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A life-changing book?...Maybe, maybe not
on March 6, 2008
Back in 2000 I read Tolle's "The Power of Now" (TPON), and thought so highly of it that I included it in the "Must Read" list at the end of my own book. As such, I figured "A New Earth" just might be as valuable to me as TPON was at that time.
I read this book over a weekend and my first impression was that it was a solid effort, and that it was essentially a hybrid of TPON, with the primary difference being that it's written in a prose as opposed to a Q&A format. The fact that it's similar to TPON isn't necessarily a negative, for that book had some very valuable content in it that's clearly worth hearing again.
Is it a life changing work? Well, the truth is it all depends on YOU. If you're considering buying it because Oprah recommends it, but you haven't read a single book in the spiritual growth/personal growth category in the past, then my sense is that you might become a bit frustrated with its esoteric nature. A better choice as a first book might be "The Four Agreements" by Don Miguel Ruiz, as he likewise addresses the power of the mind to overtake us if we don't learn to cultivate the ability to step back from its ramblings. A book I read recently that would also be a wonderful first title to read in the category is called "The Belief Formula" by Pete Koerner, as it talks in detail about thoughts and provides practical ways to get more in control of them. This book would be of particular benefit to anyone who would like a bridge from traditional religious training to the more mystical teachings of authors like Eckhart Tolle.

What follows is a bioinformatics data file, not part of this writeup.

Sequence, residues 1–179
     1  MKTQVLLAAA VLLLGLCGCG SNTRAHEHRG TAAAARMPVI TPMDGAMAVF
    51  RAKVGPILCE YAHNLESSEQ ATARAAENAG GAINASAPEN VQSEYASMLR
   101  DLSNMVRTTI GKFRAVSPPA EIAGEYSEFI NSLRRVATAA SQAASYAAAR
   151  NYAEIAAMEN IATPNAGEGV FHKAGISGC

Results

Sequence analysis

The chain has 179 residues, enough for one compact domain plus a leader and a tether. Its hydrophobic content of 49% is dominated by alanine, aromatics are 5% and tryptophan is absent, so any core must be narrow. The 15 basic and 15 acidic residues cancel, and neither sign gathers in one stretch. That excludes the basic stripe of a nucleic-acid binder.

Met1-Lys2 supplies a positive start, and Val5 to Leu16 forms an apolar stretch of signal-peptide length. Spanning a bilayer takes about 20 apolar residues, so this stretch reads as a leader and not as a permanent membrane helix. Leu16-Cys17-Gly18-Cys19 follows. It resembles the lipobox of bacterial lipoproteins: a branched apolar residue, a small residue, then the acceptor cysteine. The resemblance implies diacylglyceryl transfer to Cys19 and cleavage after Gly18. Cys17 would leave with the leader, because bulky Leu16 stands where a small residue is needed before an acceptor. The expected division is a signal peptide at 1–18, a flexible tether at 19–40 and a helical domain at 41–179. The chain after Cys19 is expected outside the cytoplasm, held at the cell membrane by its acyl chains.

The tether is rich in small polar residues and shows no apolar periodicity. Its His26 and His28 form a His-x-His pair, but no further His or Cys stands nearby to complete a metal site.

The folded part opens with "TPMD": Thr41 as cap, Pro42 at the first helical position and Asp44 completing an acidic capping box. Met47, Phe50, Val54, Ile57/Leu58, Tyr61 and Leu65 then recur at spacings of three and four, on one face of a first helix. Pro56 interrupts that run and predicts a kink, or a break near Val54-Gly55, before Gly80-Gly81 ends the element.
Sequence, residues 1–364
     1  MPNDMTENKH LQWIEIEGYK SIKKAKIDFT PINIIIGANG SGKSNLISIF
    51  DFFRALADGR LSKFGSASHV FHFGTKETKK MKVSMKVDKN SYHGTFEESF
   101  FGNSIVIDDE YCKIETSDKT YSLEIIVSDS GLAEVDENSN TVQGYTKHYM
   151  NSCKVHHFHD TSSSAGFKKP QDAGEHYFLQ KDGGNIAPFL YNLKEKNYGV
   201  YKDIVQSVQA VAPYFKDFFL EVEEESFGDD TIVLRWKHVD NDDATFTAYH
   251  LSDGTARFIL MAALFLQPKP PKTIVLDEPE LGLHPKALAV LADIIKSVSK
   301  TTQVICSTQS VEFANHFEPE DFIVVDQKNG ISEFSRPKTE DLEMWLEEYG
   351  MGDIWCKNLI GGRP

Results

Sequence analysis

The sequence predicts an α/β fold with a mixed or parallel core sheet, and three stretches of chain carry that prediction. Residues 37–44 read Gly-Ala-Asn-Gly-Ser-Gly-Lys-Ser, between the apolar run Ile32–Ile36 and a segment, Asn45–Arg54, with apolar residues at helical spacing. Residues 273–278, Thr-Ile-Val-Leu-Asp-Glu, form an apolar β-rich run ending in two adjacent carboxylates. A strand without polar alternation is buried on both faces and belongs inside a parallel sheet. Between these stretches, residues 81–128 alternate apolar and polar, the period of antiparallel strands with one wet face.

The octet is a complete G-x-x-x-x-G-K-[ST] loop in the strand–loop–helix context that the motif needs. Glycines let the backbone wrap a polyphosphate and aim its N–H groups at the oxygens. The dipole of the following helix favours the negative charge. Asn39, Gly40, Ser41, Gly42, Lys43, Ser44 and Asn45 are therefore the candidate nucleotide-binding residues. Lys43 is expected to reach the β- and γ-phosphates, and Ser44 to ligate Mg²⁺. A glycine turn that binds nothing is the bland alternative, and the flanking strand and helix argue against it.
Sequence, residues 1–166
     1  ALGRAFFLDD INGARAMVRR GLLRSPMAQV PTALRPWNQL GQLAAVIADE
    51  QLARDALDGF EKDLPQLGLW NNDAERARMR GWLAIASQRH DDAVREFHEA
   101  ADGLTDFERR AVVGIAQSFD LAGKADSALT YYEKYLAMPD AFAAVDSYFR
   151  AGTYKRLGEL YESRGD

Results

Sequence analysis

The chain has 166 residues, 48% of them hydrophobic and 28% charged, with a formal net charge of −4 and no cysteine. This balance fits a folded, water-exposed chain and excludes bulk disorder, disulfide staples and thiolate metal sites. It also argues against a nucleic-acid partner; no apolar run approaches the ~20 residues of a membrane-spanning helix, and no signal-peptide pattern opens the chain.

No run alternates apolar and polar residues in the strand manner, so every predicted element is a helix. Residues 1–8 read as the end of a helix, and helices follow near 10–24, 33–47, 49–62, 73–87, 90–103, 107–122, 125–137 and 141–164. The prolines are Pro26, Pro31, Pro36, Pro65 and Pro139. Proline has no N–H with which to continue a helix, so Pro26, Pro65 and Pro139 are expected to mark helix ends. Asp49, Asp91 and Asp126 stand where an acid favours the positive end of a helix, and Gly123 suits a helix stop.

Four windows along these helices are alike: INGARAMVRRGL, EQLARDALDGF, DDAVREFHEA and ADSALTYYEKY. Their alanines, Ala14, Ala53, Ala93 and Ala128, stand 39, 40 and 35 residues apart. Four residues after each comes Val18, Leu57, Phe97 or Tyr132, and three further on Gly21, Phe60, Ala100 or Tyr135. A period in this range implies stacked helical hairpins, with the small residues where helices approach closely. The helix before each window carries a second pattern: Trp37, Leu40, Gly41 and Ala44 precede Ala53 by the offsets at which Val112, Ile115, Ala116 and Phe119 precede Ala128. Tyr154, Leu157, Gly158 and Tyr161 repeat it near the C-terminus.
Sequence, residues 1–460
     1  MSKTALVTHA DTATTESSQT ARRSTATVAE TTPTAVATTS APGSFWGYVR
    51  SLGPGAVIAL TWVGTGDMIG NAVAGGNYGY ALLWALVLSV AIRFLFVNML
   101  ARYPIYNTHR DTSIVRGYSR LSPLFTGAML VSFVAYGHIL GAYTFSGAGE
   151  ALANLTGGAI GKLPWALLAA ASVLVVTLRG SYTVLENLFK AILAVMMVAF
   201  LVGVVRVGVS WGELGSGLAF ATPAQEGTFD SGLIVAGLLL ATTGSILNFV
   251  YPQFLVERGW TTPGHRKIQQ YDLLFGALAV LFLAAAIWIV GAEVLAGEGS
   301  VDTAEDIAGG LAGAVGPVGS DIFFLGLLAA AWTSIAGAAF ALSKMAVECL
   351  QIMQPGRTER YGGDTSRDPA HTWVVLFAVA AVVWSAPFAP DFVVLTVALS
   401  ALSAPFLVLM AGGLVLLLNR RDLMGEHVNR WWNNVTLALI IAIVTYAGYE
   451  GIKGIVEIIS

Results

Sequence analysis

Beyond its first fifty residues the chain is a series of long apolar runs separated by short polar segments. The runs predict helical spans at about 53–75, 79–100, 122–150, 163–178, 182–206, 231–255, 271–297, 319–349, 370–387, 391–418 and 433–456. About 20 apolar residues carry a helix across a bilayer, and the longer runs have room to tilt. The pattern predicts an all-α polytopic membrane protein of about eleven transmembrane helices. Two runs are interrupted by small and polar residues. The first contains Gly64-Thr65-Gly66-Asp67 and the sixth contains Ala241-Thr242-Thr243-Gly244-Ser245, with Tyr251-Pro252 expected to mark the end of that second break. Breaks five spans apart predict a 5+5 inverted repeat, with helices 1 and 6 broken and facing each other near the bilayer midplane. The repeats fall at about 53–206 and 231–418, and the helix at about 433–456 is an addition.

If, on the other hand, you are a person who has read a few to several books in this category, then "A New Earth" is another quality title to read as you continue to walk your path of self-discovery. If you've already read TPON by Tolle, as noted above you'll notice some obvious similarity between the two books, but this book does have some new content that is certainly worth reading.
One thing I didn't like is that the book's subheading, (i.e., Awakening to Your Life's Purpose) suggests that this topic is a major point of discussion throughout the book, but actually it's not. The whole idea of "life purpose" isn't addressed in any significant way until chapter nine of a 10 chapter book. And, when it is talked about, it's not by any means a primer on how to identify your purpose in this life from a worldly point of view (what you are to do while you are here). Note that Tolle's discussion about purpose is on a much deeper, mystical level.
As a final point, before buying this book I took the time to read a broad cross-section of reviews about it on Amazon.com (from 1 star to 5 stars). One thing I did find troubling in some of the negative reviews was the Oprah bashing that some chose to do. People who think that her sole motivation for getting behind this book so aggressively was to create yet another financial windfall, or to establish some sort of new religion are, in my view, sorely mistaken. Anyone can see that she really does care about the world, and is committed to doing something to raise global consciousness. What's so wrong with that? If you don't like what she's doing then don't buy the book.